The Sun has been spotless indicating a generally very low solar activity for 4 consecutive days already. It is currently transitioning towards the solar minimum, the period in the roughly 11-year solar cycle when less solar activity is expected. This was anticipated to be reached between 2019 and 2020. Basically, the relatively cool and dark areas on the Sun’s photosphere, known as sunspots, appear and vanish due to violent twisted magnetic field interactions with its surface plasma.
If the minimal solar activity persists for long, here are some implications. One postulation is that this could lead to gradual cooling of the Earth due to increased cosmic ray flux which could increase cloud cover formations (somehow like the “Ice Age” coincidence during the 17th century Maunder Minimum event), though it still needs further verification (because of the current Global Warming issue). Another is that there will be less intense aurora occurrences in the near-polar regions.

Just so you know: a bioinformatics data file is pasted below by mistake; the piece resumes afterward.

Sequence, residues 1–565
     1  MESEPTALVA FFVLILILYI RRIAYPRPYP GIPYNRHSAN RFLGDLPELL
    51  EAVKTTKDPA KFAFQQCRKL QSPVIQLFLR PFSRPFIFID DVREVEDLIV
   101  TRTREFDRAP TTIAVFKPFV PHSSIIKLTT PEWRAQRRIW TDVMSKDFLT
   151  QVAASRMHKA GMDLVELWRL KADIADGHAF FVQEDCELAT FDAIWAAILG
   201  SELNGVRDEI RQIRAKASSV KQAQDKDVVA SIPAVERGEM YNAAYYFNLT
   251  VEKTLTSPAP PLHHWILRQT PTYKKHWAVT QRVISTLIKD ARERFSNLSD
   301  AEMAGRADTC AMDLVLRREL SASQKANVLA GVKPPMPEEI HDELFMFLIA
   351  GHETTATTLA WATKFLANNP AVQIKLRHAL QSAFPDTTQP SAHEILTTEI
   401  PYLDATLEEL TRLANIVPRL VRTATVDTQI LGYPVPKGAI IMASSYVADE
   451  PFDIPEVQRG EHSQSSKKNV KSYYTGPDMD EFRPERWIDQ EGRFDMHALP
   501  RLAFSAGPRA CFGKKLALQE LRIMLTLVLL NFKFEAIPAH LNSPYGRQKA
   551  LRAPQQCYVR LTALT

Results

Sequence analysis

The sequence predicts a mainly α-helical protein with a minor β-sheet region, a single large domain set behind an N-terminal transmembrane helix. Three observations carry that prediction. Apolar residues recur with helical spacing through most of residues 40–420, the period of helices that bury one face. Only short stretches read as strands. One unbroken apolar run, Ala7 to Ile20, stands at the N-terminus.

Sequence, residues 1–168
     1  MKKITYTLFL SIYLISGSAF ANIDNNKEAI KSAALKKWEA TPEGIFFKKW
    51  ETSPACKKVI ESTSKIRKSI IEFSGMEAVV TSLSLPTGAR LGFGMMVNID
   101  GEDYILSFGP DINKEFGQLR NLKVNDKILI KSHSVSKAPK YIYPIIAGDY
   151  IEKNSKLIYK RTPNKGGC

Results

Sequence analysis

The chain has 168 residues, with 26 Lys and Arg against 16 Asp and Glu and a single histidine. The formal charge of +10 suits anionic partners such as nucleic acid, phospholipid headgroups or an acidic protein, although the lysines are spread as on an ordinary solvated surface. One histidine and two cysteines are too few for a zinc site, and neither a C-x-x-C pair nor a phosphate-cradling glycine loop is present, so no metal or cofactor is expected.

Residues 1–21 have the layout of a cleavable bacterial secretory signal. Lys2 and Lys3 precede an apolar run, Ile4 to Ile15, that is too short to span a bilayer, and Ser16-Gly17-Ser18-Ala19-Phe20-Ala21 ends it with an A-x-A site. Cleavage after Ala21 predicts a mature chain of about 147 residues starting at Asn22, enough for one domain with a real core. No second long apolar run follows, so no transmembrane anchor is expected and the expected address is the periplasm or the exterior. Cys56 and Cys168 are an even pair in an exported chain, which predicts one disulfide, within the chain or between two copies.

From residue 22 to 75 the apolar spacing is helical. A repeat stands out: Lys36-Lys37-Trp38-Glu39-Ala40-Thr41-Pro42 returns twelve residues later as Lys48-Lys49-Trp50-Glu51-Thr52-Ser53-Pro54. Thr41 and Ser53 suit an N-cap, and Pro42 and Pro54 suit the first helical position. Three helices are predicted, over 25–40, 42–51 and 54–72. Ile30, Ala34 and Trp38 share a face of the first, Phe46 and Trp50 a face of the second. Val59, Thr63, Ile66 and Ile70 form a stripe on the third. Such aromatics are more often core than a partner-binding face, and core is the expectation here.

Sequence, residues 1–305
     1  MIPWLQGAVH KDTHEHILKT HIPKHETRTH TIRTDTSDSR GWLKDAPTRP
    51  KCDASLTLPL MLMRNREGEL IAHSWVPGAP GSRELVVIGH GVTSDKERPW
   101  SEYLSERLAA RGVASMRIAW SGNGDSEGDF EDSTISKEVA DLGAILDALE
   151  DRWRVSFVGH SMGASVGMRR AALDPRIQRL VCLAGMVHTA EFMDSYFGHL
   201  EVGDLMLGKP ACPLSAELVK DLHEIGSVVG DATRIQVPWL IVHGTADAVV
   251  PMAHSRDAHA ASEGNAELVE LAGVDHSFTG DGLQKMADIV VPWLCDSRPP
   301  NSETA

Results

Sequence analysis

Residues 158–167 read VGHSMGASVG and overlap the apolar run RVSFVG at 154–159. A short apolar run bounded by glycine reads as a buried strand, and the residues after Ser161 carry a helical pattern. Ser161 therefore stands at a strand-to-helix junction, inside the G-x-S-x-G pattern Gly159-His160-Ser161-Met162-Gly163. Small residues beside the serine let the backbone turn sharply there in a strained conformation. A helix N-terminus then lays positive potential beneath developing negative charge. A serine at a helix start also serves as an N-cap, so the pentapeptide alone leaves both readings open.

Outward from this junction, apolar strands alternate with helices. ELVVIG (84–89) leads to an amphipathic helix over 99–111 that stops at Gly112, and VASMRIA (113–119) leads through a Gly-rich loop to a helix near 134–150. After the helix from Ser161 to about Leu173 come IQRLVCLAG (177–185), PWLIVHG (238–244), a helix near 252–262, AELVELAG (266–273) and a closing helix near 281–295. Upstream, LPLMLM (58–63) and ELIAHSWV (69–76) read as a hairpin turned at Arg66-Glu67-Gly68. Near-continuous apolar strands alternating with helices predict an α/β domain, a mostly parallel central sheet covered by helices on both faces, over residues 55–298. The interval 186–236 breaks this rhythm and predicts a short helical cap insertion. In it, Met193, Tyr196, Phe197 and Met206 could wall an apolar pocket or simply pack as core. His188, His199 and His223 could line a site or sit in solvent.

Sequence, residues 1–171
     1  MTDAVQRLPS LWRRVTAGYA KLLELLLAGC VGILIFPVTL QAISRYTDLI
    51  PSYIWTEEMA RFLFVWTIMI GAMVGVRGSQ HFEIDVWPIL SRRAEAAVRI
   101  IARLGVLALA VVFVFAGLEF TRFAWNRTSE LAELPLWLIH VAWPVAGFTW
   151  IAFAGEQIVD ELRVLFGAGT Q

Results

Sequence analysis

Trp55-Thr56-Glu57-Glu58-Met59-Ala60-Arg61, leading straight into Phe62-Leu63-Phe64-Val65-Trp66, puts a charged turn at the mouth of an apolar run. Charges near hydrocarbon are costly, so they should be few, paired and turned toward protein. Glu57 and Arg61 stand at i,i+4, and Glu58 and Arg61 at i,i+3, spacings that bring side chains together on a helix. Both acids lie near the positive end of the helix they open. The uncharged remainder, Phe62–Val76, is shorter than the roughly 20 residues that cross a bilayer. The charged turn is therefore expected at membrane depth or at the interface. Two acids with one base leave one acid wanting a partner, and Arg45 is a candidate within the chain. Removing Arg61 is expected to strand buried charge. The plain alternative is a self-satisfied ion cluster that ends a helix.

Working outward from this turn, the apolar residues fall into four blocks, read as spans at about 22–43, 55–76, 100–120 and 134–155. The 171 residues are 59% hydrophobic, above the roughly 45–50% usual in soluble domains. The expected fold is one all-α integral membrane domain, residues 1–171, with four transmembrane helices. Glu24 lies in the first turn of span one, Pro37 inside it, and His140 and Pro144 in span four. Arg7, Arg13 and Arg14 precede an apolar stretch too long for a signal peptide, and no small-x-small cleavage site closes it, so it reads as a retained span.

However, even though it’s presently calm, the Sun could still show off its aggressive nature anytime soon through the presence of coronal holes capable of releasing highly-ionized streams of energy and gas which could disrupt satellite communications upon reaching the Earth’s ionosphere.
If terrestrial weather is quite tricky to predict, it’s much more complicated when it comes to space weather. That’s why we’ll keep monitoring for any significant development.
Animated simulation of solar images from May 4-13, 2017
SpaceWeather.com — News and information about meteor showers, solar flares, auroras, and near-Earth asteroids: http://spaceweather.com
Nowakowski, T. (2015, August 17). Solar activity is declining-what to expect? Retrieved from Phys.org: https://phys.org/news/2015-08-solar-decliningwhat.html
Richard, K. (2017, March 23). Russian Scientists Dismiss CO2 Forcing, Predict Decades of Cooling, Connect Cosmic Ray Flux To Climate. Retrieved from NotTricksZone: http://notrickszone.com/2017/03/23/russian-scientists-dismiss-co2-forcing-predict-decades-of-cooling-connect-cosmic-ray-flux-to-climate/#sthash.DXmLvqmW.QjYD6BWv.dpbs